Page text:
By: Kelly Chia, Staff Writer
On October 28, 2021, the Faculty of Arts and Social Sciences (FASS) Engagement team put together an event for making sustainable soup jars. Open to FASS students, we had a choice between picking coconut curry and chicken noodle soup. Wanting a little less prep work, I picked coconut curry. I didn’t want to have to buy and boil my own chicken, though I’m sure the other soup would have been equally as comforting.
The soup mixes are sustainable because they have a long shelf life, and you can reuse everything the FASS Engagement team provides. When I entered the event, I was given a mason jar, paper labels for the soup I chose, and instructions on how to prepare it. Then, I took the jar and filled it up with the dry ingredients provided. For the coconut curry, it was:
- ⅔ cup orange lentils
- ⅔ cup green lentils
- 1 tablespoon curry powder
- 1 tablespoon dried chopped onions
- 1 tablespoon dried minced garlic
- 2 veggie bouillon cubes
- 1 small dried chilli pepper
For the wet ingredients, you just need water and coconut milk. Coconut milk was already in my pantry, but it costs $2.29 at Save On Foods. If you’re making this recipe immediately, you can substitute the dried chopped onions and garlic with fresh variations. But if it’s going to sit on your shelf until you need some comfort food, dried is the way to go.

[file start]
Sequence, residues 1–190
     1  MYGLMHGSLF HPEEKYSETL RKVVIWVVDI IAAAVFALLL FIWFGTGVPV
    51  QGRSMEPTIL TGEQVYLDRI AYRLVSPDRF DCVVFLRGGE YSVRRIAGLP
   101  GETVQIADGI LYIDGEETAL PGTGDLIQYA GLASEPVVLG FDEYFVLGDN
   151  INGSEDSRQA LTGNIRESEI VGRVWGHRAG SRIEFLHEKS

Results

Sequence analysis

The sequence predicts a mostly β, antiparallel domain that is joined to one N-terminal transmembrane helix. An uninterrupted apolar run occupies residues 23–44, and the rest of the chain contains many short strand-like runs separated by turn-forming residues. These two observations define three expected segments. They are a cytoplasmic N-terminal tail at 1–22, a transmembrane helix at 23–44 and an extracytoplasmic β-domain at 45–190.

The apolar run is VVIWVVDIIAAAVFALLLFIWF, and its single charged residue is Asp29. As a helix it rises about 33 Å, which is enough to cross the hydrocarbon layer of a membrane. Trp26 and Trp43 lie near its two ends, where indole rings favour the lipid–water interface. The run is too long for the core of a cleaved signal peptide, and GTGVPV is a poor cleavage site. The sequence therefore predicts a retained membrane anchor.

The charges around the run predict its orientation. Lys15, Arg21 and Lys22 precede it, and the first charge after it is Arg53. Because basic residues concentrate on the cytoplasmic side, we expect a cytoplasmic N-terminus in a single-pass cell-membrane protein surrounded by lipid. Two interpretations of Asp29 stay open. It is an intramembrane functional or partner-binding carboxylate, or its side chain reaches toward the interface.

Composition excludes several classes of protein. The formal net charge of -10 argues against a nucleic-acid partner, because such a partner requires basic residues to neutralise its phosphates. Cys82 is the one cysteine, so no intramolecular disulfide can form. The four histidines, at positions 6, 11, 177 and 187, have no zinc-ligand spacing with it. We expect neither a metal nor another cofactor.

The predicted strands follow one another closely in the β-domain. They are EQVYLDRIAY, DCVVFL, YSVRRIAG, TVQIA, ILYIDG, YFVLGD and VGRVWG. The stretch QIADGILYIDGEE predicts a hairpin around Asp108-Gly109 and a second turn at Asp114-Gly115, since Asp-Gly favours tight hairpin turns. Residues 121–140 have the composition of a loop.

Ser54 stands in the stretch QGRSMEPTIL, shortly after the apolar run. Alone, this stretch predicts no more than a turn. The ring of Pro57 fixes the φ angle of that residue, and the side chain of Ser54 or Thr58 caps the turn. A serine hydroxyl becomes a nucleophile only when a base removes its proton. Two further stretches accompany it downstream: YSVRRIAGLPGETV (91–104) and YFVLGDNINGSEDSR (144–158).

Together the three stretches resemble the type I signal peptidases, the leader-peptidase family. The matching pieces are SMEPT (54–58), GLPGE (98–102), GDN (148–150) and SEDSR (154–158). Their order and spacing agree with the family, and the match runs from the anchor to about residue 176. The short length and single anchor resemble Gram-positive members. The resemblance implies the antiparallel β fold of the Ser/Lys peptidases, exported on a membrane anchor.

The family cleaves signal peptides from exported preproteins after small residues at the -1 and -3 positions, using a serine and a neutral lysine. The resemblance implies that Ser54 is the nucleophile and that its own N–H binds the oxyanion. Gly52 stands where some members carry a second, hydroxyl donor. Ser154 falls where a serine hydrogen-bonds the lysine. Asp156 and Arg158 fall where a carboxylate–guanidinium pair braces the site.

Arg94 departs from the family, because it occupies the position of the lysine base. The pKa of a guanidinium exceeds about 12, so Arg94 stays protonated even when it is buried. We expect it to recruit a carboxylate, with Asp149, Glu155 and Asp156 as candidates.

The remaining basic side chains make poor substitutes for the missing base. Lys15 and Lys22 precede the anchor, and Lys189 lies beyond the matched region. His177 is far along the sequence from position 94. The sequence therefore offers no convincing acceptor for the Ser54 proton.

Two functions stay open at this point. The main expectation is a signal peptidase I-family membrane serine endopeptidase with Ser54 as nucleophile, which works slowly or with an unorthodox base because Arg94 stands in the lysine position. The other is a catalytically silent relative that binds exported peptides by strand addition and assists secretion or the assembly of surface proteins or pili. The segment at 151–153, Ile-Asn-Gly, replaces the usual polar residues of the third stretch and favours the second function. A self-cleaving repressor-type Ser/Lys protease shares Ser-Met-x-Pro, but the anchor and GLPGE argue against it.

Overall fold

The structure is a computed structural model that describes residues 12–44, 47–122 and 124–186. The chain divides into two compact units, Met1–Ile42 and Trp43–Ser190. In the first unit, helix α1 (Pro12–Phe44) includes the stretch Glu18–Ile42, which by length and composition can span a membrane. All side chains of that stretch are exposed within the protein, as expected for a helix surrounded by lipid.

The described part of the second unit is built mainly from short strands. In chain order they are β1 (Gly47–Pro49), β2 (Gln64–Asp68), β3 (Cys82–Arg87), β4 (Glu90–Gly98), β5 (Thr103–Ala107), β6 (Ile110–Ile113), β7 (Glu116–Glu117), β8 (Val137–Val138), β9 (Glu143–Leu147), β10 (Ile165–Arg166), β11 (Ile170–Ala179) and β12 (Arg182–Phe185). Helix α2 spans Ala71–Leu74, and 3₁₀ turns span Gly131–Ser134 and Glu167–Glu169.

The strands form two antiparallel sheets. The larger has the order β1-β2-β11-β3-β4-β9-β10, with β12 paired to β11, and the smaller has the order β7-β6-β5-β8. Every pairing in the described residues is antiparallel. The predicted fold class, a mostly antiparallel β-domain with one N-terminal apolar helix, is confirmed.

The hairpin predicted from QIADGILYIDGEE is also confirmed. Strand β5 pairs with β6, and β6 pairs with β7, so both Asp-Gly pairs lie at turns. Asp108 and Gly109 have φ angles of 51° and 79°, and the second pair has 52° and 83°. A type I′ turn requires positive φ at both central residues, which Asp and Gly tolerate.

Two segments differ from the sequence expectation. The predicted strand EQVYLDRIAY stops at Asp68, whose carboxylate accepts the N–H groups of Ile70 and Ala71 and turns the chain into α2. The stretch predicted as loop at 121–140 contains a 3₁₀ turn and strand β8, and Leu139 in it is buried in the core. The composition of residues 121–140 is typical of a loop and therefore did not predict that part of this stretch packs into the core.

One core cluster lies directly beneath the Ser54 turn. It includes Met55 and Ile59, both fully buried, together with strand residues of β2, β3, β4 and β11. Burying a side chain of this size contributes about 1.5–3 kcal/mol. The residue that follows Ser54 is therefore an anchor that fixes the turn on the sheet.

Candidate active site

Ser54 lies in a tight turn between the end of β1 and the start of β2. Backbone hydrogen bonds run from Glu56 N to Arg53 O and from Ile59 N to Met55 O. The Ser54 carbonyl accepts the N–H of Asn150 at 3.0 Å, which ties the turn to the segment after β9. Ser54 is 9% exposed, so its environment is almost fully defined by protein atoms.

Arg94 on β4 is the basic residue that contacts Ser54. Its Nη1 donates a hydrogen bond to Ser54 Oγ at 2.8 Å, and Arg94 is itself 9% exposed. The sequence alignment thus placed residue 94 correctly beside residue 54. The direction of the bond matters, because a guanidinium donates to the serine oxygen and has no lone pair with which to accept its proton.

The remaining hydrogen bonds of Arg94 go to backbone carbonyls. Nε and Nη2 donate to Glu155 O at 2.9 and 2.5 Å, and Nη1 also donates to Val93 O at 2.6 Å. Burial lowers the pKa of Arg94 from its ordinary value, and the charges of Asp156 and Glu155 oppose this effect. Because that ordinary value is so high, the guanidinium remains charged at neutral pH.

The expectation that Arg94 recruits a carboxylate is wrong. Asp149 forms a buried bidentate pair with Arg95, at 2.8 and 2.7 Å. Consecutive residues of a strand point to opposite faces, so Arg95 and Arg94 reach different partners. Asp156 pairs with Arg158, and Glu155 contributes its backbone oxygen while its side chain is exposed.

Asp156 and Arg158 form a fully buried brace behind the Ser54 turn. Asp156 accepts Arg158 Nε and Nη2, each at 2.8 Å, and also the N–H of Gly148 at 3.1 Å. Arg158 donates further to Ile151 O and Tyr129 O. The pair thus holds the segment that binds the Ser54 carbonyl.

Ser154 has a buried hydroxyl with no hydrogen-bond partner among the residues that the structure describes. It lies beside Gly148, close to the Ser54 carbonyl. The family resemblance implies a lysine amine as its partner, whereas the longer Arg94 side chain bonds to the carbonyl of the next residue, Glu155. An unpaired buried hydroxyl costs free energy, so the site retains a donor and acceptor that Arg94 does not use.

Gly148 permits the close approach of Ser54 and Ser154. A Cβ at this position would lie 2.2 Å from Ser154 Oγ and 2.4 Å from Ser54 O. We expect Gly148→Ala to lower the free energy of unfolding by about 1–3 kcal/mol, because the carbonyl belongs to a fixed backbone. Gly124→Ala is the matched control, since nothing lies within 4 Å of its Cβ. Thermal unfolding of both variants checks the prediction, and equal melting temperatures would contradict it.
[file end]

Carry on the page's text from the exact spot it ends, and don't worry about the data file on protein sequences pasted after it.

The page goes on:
As soon as I took the soup mix home, I wanted to prepare it and see how many servings I could make at once. In my experience, lentils are a filling food, so I appreciated that these ingredients alone could make a solid meal. These were the instructions printed on the back of the mason jar:
- Remove wrapper from bouillon cubes and add them, all remaining ingredients, four cups of water, and one 14 ounce can of full fat coconut milk to a saucepan.
- Bring to a boil over high heat, reduce heat to low, and simmer until the lentils are tender (about 20 minutes).
- Remove and discard the chilli pepper before serving. Season to taste.
I added some garlic pepper and salt, but found it didn’t need much more seasoning to be tasty. The soup was creamy, but didn’t feel too heavy. Most importantly, it was really comforting for all the rainy nights we’ve been experiencing lately.
This recipe was enough to serve four, which made me really happy as I could make it for my family. These ingredients are reasonably easy to get. I would recommend adding sweet potatoes to the soup to give it a little more substance and match the rest of the sweet flavour profile. Basically, I’d chop one sweet potato up into small quarter-inch chunks and add it to the soup mix when I boil the ingredients.
When I asked if the FASS Engagement team planned to do a similar event in the future, they said they would wait for student responses before planning something. For my part, I’m delighted to have another recipe in my tool belt for the days where I feel like literally just dumping ingredients into a pot and waiting for something magical to happen.
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